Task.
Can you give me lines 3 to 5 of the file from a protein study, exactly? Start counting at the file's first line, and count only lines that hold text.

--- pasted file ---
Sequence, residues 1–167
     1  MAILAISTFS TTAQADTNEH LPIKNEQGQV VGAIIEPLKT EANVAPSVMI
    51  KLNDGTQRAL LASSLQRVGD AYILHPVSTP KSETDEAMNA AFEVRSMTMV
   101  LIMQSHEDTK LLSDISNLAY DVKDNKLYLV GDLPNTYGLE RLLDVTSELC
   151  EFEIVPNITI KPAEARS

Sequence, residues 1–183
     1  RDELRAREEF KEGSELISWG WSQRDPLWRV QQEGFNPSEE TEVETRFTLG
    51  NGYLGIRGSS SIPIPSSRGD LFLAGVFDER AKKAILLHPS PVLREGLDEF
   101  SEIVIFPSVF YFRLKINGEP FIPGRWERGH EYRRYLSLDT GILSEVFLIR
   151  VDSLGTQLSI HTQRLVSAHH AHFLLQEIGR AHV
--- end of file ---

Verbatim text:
    51  KLNDGTQRAL LASSLQRVGD AYILHPVSTP KSETDEAMNA AFEVRSMTMV
   101  LIMQSHEDTK LLSDISNLAY DVKDNKLYLV GDLPNTYGLE RLLDVTSELC
   151  EFEIVPNITI KPAEARS